Vice Capades; Sex, Drugs, And Bowling From The Pilgrims To The Present
Author: Mark Stein
Publisher: Lincoln, NE: Potomac Books, an imprint of the University of Nebraska Press, 2017. 261p.
Reviewer: Steven Block | March 2018
In the 21st century, the word “vice” brings to mind images of either recreational drug use at a wild party or a lonely street prostitute walking up to car windows on a cold night. In Vice Capades: Sex, Drugs, and Bowling from the Pilgrims to the Present author Mark Stein utilizes a humor-based approach to tracing the lengthy history of vice control in the United States. This history goes far beyond just drugs and prostitution. The long list of vices that are discussed include juggling, bowling, cursing, fighting, dancing, witchcraft, voodoo, adultery, video gaming, drug use, pornography, adultery, prostitution, public nudity, polygamy and interracial relationships.
The book is laid out chronologically across eight chapters. The initial chapter discusses vice regulation in colonial America before the Revolutionary War. Stein explains that the very first communities established by Western settlers in the 1600s undertook efforts to curb smoking, gambling and other “indecent” acts. As the new country developed, the desire to control individual behavior did not cease. In the second and third chapters, Stein analyzes vice policy in relation to important events of the 1800s, including the emancipation of slaves, mass immigration and the treatment of Native Americans. Much of this content focuses on actions during the anti-vice movement of the late 19th century.
The middle of the book highlights multi-faceted efforts to control vice behavior in the early 20th century. By this point, changes in American life and advancements in technology had altered the nature of vice. Many anti-vice controls that were local in previous years had now become national. In later chapters Stein takes on contemporary issues including gay rights, the War on Drugs, female prostitution, and tobacco regulation to demonstrate that the controversial regulation of private behavior lives on today.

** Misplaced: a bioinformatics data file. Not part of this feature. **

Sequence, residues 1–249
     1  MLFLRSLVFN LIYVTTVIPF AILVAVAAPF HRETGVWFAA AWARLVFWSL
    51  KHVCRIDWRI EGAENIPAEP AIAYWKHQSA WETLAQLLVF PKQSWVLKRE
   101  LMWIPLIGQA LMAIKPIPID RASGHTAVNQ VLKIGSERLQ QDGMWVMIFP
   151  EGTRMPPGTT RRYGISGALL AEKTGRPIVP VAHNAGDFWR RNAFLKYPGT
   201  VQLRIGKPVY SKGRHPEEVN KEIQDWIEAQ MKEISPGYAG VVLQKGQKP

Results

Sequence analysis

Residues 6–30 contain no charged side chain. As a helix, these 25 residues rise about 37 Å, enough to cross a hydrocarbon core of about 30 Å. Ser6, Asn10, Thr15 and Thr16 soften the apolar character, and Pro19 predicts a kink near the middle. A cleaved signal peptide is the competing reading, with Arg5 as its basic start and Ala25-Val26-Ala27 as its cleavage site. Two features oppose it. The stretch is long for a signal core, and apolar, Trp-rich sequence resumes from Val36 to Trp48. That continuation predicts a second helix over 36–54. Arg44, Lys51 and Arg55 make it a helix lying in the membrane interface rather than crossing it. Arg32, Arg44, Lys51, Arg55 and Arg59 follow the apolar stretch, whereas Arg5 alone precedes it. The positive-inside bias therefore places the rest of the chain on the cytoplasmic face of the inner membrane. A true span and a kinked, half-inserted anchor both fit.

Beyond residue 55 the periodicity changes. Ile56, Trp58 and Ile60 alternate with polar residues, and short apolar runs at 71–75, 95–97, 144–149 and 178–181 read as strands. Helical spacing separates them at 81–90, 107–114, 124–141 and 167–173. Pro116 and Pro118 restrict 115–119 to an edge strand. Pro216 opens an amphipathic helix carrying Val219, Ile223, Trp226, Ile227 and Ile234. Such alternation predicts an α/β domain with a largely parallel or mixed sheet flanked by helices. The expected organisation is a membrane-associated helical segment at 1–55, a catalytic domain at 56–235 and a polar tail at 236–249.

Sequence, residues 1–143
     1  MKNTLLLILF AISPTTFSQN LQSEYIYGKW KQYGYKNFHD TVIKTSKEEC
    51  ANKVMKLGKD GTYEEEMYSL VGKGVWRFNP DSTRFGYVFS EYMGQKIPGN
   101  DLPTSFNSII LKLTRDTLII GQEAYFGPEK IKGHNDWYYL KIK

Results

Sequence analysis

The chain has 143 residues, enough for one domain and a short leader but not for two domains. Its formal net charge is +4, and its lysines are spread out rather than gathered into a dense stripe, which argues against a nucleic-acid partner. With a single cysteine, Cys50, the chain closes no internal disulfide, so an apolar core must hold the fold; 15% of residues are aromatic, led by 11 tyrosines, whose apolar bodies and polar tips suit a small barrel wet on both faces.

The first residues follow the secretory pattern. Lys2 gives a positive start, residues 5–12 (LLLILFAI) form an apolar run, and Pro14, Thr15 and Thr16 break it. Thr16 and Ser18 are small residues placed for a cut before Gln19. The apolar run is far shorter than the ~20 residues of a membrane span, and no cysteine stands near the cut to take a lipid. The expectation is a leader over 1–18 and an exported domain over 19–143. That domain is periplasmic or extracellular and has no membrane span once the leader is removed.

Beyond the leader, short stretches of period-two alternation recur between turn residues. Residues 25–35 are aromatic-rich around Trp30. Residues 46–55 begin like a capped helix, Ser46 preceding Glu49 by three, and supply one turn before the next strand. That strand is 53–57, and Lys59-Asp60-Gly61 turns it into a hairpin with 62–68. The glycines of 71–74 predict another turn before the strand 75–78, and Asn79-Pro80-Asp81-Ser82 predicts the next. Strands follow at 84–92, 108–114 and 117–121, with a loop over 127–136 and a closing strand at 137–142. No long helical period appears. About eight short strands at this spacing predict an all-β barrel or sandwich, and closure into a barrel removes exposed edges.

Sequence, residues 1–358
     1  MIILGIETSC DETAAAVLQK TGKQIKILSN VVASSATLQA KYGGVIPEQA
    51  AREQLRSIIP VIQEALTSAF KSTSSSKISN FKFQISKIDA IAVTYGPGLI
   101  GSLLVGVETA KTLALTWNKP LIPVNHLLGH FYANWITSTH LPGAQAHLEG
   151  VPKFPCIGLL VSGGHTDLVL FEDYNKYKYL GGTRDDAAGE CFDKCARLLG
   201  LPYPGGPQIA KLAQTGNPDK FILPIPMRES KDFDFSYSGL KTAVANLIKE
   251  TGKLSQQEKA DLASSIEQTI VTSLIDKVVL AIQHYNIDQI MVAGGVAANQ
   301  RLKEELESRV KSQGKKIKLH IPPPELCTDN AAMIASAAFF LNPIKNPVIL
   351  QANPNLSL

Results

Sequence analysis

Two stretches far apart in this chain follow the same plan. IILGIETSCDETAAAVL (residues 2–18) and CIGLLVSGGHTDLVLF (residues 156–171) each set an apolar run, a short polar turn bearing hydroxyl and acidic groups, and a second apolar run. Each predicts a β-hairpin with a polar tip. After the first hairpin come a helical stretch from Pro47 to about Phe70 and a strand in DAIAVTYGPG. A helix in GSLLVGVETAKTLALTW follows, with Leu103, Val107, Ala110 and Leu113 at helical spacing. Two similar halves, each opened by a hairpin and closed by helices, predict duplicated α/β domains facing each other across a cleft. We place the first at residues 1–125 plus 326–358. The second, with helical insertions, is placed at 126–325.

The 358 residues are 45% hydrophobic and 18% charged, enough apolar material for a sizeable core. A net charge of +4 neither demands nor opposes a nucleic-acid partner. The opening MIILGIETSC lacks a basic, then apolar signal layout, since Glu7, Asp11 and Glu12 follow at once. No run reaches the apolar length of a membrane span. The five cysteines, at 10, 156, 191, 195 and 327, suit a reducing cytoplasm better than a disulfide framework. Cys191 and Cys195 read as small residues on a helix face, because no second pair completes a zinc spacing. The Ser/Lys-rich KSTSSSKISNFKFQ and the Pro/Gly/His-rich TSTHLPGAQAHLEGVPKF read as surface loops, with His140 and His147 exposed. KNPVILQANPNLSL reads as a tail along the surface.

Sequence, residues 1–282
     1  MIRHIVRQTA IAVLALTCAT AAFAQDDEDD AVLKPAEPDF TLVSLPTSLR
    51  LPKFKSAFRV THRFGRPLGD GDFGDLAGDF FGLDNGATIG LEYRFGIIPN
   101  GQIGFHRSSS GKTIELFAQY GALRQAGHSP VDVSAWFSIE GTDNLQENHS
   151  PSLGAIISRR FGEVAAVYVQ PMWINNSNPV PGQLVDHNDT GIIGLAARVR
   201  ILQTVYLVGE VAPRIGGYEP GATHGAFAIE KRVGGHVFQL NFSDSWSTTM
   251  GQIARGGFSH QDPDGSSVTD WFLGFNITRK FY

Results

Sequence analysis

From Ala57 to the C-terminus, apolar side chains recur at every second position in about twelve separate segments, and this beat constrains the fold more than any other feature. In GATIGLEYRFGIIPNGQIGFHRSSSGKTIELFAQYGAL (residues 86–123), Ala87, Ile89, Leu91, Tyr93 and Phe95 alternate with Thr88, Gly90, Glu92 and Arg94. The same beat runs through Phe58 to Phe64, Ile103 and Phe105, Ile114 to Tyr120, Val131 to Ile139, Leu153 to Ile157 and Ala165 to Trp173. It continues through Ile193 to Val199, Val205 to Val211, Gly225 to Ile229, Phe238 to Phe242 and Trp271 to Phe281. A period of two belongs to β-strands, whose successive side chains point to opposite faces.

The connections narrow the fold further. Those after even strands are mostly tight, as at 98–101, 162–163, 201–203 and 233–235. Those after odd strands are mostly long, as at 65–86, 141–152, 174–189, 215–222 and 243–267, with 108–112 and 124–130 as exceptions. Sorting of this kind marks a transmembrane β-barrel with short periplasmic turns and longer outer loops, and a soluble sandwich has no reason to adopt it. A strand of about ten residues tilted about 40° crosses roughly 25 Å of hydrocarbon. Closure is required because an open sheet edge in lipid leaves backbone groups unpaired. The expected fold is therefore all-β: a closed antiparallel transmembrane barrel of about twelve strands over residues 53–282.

The most notable aspect of Stein’s work is how many different factors have influenced control of vice over the centuries in American history. These factors include race and ethnicity, gender, religion and politics. Stein illustrates how laws focusing on Native Americans’ use of alcohol in Massachusetts, interracial sexual relationships in Virginia and the perceived idleness of African-Americans in Pennsylvania were among the first vice policies in colonial America. Later, the perceived links of many minority groups to drug use influenced the creation of 19th and 20th century drug laws. By associating African-Americans to cocaine use, Hispanics to marijuana use and Asians to opium use the drug war crusaders had wild success in gaining support for regulations and prohibition.
The control of sexuality also brings the variable of gender to the forefront of vice policy discussion. Laws across the centuries have defined the clothes women can wear and the control they are permitted to have over their bodies. Stein traces this evolution from laws enacted before the American Revolution to debates about bikinis following World War II. As one might expect, nearly all of the discussion focuses on males in power exercising control over the actions and behaviors of women.